Presentation on theme: "Introduction to FAIR-TRADE Todd King 1, Raymond Walker 1,2, Lee Bargatze 1, Deborah McGuinness 3, Everett Toews 4, John Shillington 4, Robert Bentley 5,"— Presentation transcript:
Introduction to FAIR-TRADE Todd King 1, Raymond Walker 1,2, Lee Bargatze 1, Deborah McGuinness 3, Everett Toews 4, John Shillington 4, Robert Bentley 5, Tomo Hori 6, Robert Rankin 4,7 1 Institute of Geophysics and Planetary Physics, UCLA 2 Earth and Space Sciences Department, UCLA 3 Dept. of Computer Science and Cognitive Science Department, Rensselaer Polytechnic Institute 4 Cybera, University of Alberta, Edmonton 5 Dept. of Space and Climate Physics, University College London 6 STE laboratory, Nagoya University, Japan 7 Dept. of Physics, University of Alberta Edmonton
What is FAIR-TRADE A proposed project to NSF ◦ NSF : Software Infrastructure for Sustained Innovation (SI2) A framework to integrate all resources in a (distributed) research environment. ◦ FAIR: Flexible Application of Informatics in Research An implementation of computational resource sharing ◦ TRADE: Transparent Resource Allocation and Delivery Environment
Why FAIR-TRADE? Enable a more resilient, open exchange of data and computational resources. Mitigate the logistically difficulty with federated data storage. Leverage existing computational resources. Abstraction of the entire research enterprise. - Foremost - Transition to an objective oriented model for research.
FAIR-TRADE Concepts All resources (data and computation) have unique identifiers Each resource has an appropriate set of attributes. Reasoning is performed to match resources as needed. Example: Apply an application to data. In a FAIR-TRADE system the platform to run the application will be selected based on available resources, volume of data, proximity to user and data, bandwidth, cost and other factors.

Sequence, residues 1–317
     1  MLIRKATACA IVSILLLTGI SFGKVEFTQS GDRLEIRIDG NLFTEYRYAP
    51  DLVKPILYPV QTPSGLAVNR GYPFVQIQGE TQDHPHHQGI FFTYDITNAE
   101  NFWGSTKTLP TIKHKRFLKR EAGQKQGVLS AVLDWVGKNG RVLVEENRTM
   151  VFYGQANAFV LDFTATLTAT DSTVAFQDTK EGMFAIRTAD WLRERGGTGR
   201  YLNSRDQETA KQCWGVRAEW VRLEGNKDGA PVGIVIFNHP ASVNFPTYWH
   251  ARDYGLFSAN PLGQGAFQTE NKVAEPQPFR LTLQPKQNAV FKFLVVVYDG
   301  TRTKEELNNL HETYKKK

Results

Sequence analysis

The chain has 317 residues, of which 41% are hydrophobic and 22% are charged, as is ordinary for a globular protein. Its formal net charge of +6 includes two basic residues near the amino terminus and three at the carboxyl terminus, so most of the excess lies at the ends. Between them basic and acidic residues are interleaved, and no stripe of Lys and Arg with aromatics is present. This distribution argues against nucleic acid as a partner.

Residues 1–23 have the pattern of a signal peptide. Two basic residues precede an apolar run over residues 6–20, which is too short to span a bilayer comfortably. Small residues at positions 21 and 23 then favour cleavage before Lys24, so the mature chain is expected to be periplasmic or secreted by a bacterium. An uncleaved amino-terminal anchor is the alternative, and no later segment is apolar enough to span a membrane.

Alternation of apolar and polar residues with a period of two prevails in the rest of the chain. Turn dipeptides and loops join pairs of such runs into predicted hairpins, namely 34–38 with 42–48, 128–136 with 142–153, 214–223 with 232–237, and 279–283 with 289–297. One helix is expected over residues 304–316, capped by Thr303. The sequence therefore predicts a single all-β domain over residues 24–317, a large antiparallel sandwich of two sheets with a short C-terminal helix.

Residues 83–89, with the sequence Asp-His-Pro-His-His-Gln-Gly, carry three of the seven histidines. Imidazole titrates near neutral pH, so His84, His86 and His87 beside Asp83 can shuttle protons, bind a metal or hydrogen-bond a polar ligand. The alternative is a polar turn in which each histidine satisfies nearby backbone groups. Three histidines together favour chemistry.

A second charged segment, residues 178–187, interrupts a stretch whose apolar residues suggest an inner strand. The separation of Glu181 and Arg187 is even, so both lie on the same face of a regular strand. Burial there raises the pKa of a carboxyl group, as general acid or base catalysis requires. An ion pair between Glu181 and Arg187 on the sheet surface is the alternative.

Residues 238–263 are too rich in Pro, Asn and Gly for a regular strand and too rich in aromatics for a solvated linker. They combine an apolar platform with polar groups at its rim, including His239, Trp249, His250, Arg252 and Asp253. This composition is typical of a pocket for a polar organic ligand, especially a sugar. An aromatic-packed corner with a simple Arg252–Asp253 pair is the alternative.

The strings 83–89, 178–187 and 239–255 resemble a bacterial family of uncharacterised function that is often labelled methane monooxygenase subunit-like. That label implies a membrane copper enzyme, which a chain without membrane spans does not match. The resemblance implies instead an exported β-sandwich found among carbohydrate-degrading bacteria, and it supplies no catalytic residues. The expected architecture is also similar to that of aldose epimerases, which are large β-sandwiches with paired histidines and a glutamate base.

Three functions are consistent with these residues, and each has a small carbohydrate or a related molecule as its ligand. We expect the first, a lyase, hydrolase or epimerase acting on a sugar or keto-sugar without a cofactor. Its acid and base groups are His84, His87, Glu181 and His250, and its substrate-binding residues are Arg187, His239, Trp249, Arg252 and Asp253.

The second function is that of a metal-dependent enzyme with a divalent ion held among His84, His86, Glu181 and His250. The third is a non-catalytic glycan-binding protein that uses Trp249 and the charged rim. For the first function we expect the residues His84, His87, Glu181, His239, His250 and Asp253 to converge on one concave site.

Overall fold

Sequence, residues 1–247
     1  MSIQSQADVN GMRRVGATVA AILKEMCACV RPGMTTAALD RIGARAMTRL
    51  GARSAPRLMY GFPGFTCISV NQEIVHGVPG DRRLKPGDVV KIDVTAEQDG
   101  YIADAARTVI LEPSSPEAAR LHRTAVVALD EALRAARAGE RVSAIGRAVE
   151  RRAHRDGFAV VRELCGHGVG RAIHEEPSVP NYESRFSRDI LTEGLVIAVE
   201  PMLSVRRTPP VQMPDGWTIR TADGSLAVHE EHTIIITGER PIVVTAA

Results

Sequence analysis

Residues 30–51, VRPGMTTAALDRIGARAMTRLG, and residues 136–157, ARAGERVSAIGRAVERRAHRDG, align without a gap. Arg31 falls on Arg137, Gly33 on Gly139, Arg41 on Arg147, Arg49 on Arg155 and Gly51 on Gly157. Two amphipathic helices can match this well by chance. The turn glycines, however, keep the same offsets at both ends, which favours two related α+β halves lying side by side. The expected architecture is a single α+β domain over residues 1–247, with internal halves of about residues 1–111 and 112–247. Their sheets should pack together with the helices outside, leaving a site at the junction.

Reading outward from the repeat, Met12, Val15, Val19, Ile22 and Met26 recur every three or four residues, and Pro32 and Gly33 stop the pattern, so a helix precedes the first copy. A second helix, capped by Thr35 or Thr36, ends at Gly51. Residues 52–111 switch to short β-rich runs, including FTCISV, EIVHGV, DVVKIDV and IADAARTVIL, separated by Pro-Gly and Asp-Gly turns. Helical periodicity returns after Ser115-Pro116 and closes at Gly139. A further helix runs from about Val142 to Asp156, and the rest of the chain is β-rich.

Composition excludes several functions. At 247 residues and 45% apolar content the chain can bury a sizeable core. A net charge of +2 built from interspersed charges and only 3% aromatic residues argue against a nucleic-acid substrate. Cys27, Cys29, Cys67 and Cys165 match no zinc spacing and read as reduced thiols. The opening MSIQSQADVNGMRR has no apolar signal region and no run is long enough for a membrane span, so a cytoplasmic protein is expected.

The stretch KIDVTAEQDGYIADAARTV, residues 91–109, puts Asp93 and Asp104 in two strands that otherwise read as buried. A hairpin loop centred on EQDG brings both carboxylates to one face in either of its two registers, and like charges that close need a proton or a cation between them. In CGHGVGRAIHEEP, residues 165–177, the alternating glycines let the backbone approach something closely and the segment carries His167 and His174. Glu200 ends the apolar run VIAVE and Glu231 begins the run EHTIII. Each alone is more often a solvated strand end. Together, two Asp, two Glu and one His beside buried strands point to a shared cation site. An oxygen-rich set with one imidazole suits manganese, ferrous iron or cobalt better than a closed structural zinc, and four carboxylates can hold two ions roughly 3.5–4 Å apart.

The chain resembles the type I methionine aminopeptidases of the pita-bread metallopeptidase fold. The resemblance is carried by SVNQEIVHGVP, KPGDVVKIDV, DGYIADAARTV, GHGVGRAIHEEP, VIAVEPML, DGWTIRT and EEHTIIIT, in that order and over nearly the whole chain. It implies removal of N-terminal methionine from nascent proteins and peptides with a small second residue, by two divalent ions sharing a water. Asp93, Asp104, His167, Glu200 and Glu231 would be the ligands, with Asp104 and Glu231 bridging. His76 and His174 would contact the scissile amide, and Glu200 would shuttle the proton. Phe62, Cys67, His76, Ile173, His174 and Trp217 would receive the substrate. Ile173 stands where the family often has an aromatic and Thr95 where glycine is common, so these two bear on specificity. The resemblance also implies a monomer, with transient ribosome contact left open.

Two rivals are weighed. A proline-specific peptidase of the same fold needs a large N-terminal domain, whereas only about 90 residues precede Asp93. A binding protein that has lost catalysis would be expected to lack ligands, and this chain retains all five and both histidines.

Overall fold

Data Computation Data Model 1 Data Model 2 Environment 1 Environment 2 FAIR-TRADE Task Conceptual model of the FAIR-TRADE framework showing data from two sources each with a different data model and two computational environments. Tasks are submitted to the FAIR-TRADE framework by users. The framework will locate, retrieve, and join the resources to achieve the prescribed task.
Functional View – For Digital Resources Locator: A search engine that can locate resources based on a set of constraints. Returned results always include the unique resource identifier, plus any defined attributes. Resolver: Given a unique resource identifier, locate and retrieve the full complement of metadata associated with the resource. Retriever: Given a unique resource identifier and optionally the desired time span and format, retrieve the digital resource. Registrant: Stores an instance of a resource, which consists of structured metadata that may point to a physical storage location. Returns the unique identifier associated with the resource. Repository: A location for the physical storage of digital resources. Stored resources are accessible by standard protocols such as HTTP, FTP, and secure copy (scp). Analytics: A collection point of metrics from each service. Services will report activities to the service.
Functional View – Computational Resources Controller: Initiates tasks by locating the appropriate computational environment, spawns a monitor for the task set, and invokes a launcher for each task. Launcher: Prepare the environment for the initiation of an application, which may include the retrieval and localization of digital resources. Monitor: Provide task supervision and user notification.
Function View – Big Picture UserControllerRetrieverMonitorApplication Task Set Initiate Launcher Resource ID Resolver Metadata Registry Register Monitor Resource ID Metadata Publish Run Status Results Post Report
Next Steps SPASE is a good starting point for defining models for computational resources. Current Resource Types (Classes) AnnotationNumerical Data CatalogObservatory Display DataPerson DocumentRegistry GranuleRepository InstrumentService Suggestion is to add: ◦ Application ◦ Platform